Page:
Keppel Corp has reached a long-term power purchase and export agreement with Cambodia’s Royal Group Power to buy electricity from Cambodia and Laos.
Singapore’s Energy Market Authority (EMA) has conditionally approved long-term imports and sales of one gigawatt of low-carbon electricity from renewable energy sources by Keppel Corp's wholly owned unit Keppel Energy, according to a statement from Keppel Corp.
Keppel Energy was the first entity to receive such conditional approval, which paves the way for the country’s first-of-its-kind large-scale importation of up to 4GW of low-carbon electricity by 2035.
Financial terms of the agreement between Keppel Energy and Royal Group Power were not disclosed.
“Keppel Energy’s large-scale electricity import is expected to aggregate low-carbon electricity generated from various renewable energy sources in Cambodia, with the ability to scale and hybridize with the vast renewable energy sources in [the Lao People’s Democratic Republic], which will provide greater flexibility and energy resilience,” the statement says.
Imports expected to start after 2030
“It is envisaged that the power will be transmitted through onshore overhead high-voltage transmission lines and subsea high-voltage transmission cables from Cambodia to Singapore,” Keppel says.
The electricity will be supplied from an integrated system of more than 4GW of installed capacity – largely solar, complemented by hydro and potentially wind – and supported by storage systems such as pumped hydro storage and batteries.
Imports from Cambodia are expected to start after 2030, with Keppel leveraging its experience with the Lao PDR-Thailand-Malaysia-Singapore Power Integration Project – the first cross-border electricity trade deal involving four Asean countries.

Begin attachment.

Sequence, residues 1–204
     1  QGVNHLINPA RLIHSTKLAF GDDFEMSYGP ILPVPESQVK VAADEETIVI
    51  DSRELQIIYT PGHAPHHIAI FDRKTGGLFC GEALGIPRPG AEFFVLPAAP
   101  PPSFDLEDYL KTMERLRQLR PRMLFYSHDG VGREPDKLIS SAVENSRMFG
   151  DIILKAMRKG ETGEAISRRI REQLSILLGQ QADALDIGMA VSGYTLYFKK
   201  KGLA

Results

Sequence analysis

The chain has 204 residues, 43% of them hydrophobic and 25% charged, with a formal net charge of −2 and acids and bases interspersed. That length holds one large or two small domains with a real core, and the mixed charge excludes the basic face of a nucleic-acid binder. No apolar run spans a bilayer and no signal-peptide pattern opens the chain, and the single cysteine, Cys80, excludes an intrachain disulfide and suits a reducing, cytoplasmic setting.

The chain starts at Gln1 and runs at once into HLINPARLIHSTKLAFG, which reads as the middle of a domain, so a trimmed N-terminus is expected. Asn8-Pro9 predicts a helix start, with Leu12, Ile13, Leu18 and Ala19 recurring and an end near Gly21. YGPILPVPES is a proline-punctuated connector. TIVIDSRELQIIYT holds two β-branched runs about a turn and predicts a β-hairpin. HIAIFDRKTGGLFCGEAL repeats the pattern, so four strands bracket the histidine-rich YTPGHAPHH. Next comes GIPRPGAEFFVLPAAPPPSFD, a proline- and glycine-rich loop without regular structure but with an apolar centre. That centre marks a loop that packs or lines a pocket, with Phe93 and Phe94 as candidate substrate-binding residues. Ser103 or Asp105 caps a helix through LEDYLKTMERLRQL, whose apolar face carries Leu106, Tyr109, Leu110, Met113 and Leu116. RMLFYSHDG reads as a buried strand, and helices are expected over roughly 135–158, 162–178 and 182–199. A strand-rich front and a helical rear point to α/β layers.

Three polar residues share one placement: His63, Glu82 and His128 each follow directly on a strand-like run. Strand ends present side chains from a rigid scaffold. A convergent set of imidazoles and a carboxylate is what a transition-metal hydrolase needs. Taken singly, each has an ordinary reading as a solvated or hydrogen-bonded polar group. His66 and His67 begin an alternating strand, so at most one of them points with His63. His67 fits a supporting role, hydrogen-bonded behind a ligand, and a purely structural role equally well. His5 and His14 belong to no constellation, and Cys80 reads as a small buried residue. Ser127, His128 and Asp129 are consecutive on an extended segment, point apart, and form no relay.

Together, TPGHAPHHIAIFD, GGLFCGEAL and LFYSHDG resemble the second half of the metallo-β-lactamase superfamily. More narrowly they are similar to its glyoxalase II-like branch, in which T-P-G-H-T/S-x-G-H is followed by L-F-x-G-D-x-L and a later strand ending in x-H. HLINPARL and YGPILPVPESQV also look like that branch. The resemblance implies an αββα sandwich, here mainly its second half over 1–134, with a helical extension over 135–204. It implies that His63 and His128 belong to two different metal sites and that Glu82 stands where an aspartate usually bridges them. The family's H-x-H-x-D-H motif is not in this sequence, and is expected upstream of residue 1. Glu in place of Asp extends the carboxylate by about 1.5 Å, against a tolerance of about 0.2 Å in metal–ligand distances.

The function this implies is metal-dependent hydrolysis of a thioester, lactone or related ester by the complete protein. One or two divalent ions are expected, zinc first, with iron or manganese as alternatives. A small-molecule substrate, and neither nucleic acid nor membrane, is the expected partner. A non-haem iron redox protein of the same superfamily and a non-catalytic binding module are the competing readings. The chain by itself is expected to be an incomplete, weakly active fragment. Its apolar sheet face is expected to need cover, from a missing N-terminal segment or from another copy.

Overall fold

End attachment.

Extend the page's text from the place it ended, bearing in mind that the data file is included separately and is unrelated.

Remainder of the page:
The project will "enhance the interconnectivity of the Asean Power Grid and bring greater energy security to the region", Keppel says.
EMA chief executive Ngiam Shih Chun says the conditional approval granted to Keppel Energy is an “important step” towards achieving Singapore's goal of importing up to 4GW of low-carbon electricity by 2035. “Imports of low carbon electricity from renewable energy sources will help us achieve our net-zero target by 2050,” he adds.
Cindy Lim, chief executive of Keppel Infrastructure Holdings – the wholly-owned unit that controls Keppel Energy – says the project will “accelerate renewable energy growth in Asean as well as bolster the region’s energy resilience”.
Royal Group chairman Kith Meng adds: “Our success will not only benefit our two companies and our two countries but will also foster integration in the power sector of the AseanCommunity,” he said.
Feasibility study with Thailand’s PSGC
Meanwhile, Keppel says it is making “good progress” on studying the feasibility of renewable energy imports from Laos under a memorandum of understanding signed with PSG Corporation Public Co Ltd (PSGC) in October last year.
"Keppel and PSGC are working towards optimizing the configuration of selected pumped storage hydro facilities in Laos … in line with international environment and social impact assessment standards,” the statement says.
Among those witnessing the signing of the purchase and export agreement last Wednesday (March 15) were Singapore Manpower Minister Tan See Leng and Cambodian Mines and Energy Minister Suy Sem.
The cables between Cambodia and Singapore would be the longest cross-border subsea interconnector in Southeast Asia at more than 1,000 kilometres, according to local reports quoting Tan, who is also Singapore’s second minister for trade and industry.
Following the conditional approval granted to Keppel Energy, the EMA said in a separate statement last Thursday that it would continue to review proposals to decarbonize Singapore’s energy supply until the end of this year.
Also last Thursday, Singapore and Indonesia signed a memorandum of understanding on renewable energy cooperation. “These two developments are important steps towards the Asean Power Grid vision,” the EMA says.